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Can J Sainsbury plc’s Share Price Return To 590p?

Right now I’m looking at some of the most popular companies in the FTSE 100 to try and establish whether or not they have the potential to return to historic highs.

Today I’m looking at J Sainsbury (LSE: SBRY) (NYSE: JSAIY.US) to ascertain if its share price can return to 590p.

Initial catalyst

However, first we need to establish what caused Sainsbury’s to hit its high of 590p per share in the first place. It would appear, that like many of the companies peers, Sainsbury’s reached its high back in the pre-crisis market euphoria of 2007. 

That said, Sainsbury’s share price was also buoyed by the company’s impressive earnings growth. Indeed, during 2007, the company drove year-on-year pre-tax profit higher by a staggering 359%. In addition, for the same 2006 to 2007 period, basic earnings per share increased by 405% — extremely impressive.

Still, despite this growth Sainsbury’s 2007 EPS stood at only 19.2p, which placed the company on a P/E of 31 at a share price of 590p. Nonetheless, with EPS growing at 400% during the previous year, investors were right to place a growth premium on the company. 

But can Sainsbury’s return to its former glory?

Six years on and it would appear that Sainsbury’s growth has slowed. However, investors are still placing a growth premium on the company, as Sainsbury’s steals sales and market share from its peers, Tesco and Morrisons. In particular, Sainsbury’s trades at a historic P/E of 12.9, while its peers in the wider food & drug retailers sector trade at an average historic P/E of 12.7.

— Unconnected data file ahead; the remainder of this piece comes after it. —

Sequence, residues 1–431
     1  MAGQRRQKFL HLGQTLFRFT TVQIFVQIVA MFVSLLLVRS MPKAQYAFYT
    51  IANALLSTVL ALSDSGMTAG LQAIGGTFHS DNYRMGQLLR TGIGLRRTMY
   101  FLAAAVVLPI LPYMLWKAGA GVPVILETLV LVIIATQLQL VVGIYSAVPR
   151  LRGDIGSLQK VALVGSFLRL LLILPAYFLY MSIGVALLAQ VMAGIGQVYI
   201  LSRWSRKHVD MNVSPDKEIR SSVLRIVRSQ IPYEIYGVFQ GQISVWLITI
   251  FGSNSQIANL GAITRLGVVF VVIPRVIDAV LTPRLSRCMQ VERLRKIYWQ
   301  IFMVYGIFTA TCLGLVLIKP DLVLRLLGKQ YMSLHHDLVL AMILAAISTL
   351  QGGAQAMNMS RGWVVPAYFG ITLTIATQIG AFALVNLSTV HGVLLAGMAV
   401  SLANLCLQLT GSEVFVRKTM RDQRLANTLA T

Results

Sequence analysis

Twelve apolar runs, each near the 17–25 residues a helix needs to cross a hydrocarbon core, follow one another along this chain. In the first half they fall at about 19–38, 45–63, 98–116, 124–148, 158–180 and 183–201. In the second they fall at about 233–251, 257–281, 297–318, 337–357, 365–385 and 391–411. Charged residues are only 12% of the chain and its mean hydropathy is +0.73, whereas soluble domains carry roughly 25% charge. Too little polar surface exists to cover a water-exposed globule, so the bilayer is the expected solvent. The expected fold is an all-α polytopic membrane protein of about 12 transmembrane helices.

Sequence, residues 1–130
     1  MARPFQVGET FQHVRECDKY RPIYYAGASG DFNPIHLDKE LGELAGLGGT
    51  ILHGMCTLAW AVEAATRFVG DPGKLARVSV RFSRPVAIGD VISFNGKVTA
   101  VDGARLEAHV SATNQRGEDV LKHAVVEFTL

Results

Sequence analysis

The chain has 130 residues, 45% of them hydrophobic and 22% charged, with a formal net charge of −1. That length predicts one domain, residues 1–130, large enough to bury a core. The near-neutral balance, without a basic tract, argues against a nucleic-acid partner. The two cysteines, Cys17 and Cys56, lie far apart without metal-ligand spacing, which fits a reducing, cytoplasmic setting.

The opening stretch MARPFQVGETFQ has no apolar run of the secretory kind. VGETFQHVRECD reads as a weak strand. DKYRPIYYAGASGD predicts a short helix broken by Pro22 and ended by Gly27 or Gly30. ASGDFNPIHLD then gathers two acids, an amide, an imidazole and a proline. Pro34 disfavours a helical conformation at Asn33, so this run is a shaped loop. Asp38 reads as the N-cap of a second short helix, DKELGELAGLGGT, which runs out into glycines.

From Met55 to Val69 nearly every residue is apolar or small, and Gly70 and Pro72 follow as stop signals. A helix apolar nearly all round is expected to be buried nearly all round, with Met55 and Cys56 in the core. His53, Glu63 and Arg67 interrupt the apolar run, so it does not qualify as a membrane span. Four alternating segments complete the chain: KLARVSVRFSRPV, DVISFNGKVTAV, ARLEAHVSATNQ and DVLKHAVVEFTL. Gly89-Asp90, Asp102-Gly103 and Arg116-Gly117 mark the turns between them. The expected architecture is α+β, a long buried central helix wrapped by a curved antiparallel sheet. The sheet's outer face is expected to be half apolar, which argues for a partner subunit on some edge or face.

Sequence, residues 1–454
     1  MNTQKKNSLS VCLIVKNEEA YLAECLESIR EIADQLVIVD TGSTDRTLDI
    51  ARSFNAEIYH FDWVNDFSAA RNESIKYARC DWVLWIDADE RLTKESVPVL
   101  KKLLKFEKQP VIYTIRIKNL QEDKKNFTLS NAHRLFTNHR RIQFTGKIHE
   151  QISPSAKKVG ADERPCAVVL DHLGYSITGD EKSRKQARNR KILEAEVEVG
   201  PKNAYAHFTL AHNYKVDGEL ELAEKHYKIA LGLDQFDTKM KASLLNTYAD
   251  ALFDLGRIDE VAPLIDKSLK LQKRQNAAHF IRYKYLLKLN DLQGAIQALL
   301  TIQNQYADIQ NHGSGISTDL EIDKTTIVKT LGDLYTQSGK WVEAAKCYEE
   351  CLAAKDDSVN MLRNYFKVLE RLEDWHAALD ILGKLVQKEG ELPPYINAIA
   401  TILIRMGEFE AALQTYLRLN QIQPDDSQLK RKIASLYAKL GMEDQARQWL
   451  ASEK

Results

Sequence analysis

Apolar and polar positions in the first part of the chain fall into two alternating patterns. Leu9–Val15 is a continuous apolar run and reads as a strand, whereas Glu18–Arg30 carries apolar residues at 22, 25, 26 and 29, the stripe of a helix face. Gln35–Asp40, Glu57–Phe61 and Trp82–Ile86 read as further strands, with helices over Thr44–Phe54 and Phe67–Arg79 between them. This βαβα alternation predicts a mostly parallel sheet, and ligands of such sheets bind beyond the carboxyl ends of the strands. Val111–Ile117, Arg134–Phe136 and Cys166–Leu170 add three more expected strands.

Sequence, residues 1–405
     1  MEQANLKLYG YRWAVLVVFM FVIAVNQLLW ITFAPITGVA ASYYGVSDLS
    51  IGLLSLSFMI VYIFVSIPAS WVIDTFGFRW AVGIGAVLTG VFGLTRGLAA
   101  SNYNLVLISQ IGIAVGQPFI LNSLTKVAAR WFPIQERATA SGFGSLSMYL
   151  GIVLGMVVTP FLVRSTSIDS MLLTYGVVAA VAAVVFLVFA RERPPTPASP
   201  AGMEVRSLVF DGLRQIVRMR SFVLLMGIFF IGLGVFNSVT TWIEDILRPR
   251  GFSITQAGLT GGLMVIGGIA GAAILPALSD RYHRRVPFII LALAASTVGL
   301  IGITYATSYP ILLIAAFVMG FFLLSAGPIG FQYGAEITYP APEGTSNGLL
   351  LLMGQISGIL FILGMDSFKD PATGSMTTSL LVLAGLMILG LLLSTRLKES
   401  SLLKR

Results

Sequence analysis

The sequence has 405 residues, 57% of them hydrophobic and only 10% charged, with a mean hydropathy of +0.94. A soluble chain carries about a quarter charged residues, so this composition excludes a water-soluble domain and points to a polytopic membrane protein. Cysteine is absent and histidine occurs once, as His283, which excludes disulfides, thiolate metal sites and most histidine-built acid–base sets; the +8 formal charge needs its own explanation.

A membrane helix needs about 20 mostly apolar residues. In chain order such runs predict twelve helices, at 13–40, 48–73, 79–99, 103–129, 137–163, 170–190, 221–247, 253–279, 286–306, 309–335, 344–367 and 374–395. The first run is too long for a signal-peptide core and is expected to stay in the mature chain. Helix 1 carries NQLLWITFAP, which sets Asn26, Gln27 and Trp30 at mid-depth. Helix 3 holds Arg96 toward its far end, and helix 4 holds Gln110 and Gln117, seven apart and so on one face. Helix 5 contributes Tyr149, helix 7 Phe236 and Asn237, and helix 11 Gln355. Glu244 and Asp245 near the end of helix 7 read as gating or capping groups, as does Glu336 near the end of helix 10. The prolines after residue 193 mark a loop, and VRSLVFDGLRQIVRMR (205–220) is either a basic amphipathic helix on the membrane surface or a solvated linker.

However, a move back to 590p would mean that Sainsbury’s would be trading at a historic P/E ratio of 19.2, not too taxing, although this would mean that Sainsbury’s would look expensive in comparison to its peers.

Nonetheless, with City analysts predicting EPS growth of nearly 10% for the next two years, Sainsbury’s does deserve a small growth premium over its peers. 

Having said all of that, it would appear that investors are still hesitant to pay too much of a premium for retailers such as Sainsbury’s while economic headwinds persist. What’s more, the food and drug retailers sector remains highly competitive and growth for the major retailers is becoming harder to achieve.  I feel that these two important factors will hold Sainsbury’s back.

Foolish summary

All in all, I would not rule out Sainsbury’s share price returning to 590p in the long-term as the company continues to grow faster than its peers. However, I feel that during the next year or so, Sainsbury’s is going to struggle against the current economic backdrop.

So overall, I believe that Sainsbury’s cannot return to 590p in the short-term.

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In the meantime, please stay tuned for my next FTSE 100 verdict.

> Rupert owns shares in Tesco. The Motley Fool owns shares in Tesco and has recommended shares in Morrisons.